Camouflage 411 by Andy Warhol

This portfolio created by Andy Warhol contains eight screen prints on Lenox Museum Board of different variations of camouflage. Camouflage gave Andy Warhol the opportunity to work with bot an abstract pattern and an immediately recognizable image, rich in associations. Unlike military motifs, Andy Warhol’s camouflage paintings reflect bright synthetic and inorganic colors, which would not provide a veil or disguise in any landscape.


Edition of 80






Screen print on Lenox Museum Board






Camouflage 411 by Andy Warhol

Warhol’s Camouflage paintings reflect bright synthetic and inorganic colors, which would not provide a veil or disguise in any landscape. Created by artists at the military’s request, camouflage dates from the early 20th century. It was first used for concealment of equipment, and then for uniforms. As Warhol invented more camouflage works he incorporated the pattern into his self-portraits. In these works, the juxtaposition of identity and disguise mirrors the artist’s lifelong struggle to gain notoriety while keeping his own private life hidden.

Warhol also collaborated with the fashion designer Stephen Sprouse to create a line of camouflage clothing. This apparel brought the association of war into high fashion: women dressed in camouflage gowns did not blend in, but instead attracted attention in urban settings.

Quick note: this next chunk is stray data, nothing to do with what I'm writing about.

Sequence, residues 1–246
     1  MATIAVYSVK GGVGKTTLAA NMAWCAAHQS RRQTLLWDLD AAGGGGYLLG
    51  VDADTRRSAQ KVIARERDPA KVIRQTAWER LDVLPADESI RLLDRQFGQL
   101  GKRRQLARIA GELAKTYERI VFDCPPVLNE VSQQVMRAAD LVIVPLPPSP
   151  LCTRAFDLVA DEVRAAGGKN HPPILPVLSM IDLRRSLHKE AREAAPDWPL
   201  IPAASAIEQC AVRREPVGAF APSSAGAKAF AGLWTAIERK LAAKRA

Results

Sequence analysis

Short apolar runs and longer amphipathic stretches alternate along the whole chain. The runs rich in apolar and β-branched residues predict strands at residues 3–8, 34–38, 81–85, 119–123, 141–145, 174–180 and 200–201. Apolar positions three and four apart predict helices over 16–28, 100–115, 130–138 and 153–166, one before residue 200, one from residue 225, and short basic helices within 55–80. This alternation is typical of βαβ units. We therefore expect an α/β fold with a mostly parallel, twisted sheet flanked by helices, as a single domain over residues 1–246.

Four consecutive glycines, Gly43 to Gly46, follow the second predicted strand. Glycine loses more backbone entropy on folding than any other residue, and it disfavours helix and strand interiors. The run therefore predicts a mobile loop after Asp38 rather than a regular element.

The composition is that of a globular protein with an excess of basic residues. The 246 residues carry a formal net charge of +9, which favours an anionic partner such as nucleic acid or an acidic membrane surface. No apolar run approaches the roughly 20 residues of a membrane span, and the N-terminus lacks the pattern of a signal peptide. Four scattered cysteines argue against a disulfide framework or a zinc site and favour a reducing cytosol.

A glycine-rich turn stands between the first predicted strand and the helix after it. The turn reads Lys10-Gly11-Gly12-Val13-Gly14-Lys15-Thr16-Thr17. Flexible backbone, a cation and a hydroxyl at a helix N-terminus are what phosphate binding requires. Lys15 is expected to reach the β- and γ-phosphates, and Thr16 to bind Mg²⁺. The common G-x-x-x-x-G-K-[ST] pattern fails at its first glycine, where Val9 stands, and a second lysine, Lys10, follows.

More than twenty years after his death, Andy Warhol remains one of the most influential figures in contemporary art and culture. Warhol’s life and work inspires creative thinkers worldwide thanks to his enduring imagery, his artfully cultivated celebrity, and the ongoing research of dedicated scholars. His impact as an artist is far deeper and greater than his one prescient observation that “everyone will be world famous for fifteen minutes.” His omnivorous curiosity resulted in an enormous body of work that spanned every available medium and most importantly contributed to the collapse of boundaries between high and low culture.

A skilled social networker, Warhol parlayed his fame, one connection at a time, to the status of a globally recognized brand. Decades before widespread reliance on portable media devices, he documented his daily activities and interactions on his traveling audio tape recorder and beloved Minox 35EL camera.  Predating the hyper-personal outlets now provided online, Warhol captured life’s every minute detail in all its messy, ordinary glamour and broadcast it through his work, to a wide and receptive audience.


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